Friday, January 2, 2009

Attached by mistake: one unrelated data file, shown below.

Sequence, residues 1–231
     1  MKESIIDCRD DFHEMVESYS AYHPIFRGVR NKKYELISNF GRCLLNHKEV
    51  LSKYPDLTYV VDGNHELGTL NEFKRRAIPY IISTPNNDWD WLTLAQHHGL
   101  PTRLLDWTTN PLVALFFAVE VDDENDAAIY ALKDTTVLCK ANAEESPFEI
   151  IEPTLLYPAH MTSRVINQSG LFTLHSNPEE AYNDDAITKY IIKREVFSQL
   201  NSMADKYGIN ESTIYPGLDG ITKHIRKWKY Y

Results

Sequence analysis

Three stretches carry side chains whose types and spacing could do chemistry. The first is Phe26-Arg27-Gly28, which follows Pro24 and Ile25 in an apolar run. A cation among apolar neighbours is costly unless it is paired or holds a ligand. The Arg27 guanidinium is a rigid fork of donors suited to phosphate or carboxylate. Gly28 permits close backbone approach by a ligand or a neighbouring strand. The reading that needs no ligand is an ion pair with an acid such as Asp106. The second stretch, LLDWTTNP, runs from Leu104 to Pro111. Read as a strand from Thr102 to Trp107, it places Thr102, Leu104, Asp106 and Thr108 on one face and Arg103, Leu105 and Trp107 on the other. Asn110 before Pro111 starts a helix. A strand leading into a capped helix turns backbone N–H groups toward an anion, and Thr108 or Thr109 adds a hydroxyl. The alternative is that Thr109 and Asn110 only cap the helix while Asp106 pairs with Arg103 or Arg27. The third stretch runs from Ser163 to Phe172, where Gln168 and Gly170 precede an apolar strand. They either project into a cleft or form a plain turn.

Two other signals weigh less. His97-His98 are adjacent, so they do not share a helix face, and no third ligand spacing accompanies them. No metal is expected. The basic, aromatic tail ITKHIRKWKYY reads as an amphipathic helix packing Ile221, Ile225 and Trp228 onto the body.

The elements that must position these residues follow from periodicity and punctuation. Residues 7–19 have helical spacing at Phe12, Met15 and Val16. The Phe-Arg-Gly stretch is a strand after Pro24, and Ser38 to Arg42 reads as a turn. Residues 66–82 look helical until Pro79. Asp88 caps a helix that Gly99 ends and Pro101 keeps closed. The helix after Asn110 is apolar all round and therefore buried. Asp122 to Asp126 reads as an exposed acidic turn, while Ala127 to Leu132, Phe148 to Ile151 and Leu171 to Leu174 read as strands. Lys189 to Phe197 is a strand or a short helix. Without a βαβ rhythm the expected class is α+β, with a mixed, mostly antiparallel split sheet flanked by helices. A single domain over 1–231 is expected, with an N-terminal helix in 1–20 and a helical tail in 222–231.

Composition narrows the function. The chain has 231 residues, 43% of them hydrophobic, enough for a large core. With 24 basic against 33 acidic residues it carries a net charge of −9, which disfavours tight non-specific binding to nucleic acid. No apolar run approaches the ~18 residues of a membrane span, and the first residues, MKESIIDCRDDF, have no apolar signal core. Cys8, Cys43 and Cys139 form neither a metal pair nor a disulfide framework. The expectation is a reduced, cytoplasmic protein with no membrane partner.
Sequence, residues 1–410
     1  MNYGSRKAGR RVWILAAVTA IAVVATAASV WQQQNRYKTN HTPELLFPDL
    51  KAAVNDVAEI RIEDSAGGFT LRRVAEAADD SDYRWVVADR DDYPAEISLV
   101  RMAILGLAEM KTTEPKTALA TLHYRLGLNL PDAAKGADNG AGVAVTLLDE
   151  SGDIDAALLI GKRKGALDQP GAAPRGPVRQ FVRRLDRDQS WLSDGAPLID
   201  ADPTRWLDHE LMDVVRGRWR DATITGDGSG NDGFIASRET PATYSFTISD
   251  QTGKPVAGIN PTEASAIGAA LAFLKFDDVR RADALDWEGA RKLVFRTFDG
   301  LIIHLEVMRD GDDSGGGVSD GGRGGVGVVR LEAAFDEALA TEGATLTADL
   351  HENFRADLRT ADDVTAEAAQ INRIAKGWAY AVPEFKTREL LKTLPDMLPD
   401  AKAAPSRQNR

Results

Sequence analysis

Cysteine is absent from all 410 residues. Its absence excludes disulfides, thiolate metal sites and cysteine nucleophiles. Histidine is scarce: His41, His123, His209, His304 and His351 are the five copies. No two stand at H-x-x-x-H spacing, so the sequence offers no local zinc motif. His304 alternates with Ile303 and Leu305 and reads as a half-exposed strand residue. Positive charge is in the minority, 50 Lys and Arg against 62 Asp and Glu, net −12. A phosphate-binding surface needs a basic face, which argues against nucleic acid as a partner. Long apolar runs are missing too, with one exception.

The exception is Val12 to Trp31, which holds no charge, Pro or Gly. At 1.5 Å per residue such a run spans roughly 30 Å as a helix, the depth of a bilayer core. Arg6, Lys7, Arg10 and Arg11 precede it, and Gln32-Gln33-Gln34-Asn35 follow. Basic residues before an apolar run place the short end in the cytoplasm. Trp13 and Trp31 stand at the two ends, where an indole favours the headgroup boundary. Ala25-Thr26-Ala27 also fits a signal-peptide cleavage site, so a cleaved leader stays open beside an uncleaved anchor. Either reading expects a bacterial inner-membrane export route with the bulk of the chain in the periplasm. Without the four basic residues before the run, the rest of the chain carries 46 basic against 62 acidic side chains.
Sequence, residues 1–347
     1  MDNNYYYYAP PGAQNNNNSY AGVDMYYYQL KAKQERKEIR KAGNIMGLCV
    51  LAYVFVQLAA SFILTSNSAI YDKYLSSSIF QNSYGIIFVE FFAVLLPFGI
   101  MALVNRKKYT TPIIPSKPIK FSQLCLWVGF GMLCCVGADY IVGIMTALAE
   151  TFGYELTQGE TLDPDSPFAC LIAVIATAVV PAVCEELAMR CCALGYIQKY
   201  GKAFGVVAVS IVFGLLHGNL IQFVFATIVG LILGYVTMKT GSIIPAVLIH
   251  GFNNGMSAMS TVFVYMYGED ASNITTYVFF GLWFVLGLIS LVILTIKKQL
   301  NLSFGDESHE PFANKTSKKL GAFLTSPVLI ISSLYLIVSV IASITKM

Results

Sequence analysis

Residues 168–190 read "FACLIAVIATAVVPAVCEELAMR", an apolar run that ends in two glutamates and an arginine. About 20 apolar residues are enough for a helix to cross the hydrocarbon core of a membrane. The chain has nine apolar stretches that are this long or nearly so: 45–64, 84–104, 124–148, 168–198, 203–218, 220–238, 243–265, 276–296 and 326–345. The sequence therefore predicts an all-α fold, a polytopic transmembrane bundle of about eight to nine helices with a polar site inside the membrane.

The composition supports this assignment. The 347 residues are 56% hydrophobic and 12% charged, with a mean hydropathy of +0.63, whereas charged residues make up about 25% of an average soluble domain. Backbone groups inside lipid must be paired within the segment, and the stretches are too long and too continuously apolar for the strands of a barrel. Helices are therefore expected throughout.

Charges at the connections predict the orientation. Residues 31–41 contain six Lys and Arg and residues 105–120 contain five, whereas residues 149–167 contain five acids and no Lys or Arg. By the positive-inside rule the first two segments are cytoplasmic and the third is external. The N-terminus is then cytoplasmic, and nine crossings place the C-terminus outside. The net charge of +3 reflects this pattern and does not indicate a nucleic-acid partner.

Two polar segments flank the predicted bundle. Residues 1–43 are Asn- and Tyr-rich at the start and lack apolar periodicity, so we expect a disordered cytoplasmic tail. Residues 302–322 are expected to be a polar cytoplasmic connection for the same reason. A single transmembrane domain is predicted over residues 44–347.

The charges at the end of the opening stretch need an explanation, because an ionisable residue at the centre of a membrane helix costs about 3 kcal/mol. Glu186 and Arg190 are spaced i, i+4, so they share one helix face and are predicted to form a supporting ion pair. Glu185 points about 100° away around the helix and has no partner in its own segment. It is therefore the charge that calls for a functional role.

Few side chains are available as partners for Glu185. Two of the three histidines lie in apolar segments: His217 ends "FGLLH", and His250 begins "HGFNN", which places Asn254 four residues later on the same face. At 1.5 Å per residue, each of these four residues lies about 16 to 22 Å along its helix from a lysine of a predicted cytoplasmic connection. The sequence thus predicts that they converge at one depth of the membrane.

This is an absolutely fantastic movie. In a season of very good films, this is the superstar. What could have been a boring, bombastic, screeching indictment turns out to be a tightly written, incredibly acted, portrait of both David Frost and Richard Nixon. Michael Sheen, a Welsh actor who played Tony Blair so well in The Queen, does a beautiful interpretation of a Frost who radiates personality and optimism. But it is Frank Langella who does a Richard Nixon of such depth that it is totally possible to feel empathy for the predicament he finds himself in. Both Langella and Sheen are reprising these roles from the play. Director, and everyone's fav learjet liberal, Ron Howard, adds a scene with a drunken phonecall, which is really an egregious sort of character assasination (as if Nixon needed any more) on Howard's part. But the film, if you excuse the inaccuracies, is seamlessly done. Howard holds back his tendency to make a statement and tells an exciting story. I have to say, Nixon did end the VietNam war. He did it. No one else did. The Vietnam war did convince the Russians and Chinese that we would fight again. The cost to the Russians may have led to the eventual dismantling of the Russian empire. It cost over 50,000 lives, but could have cost so many more. Nixon didn't PUT us into Viet Nam, and it took a lot to get us back out. So he will never be that much of a villain to me. If you don't see this film, you will have missed quite an experience.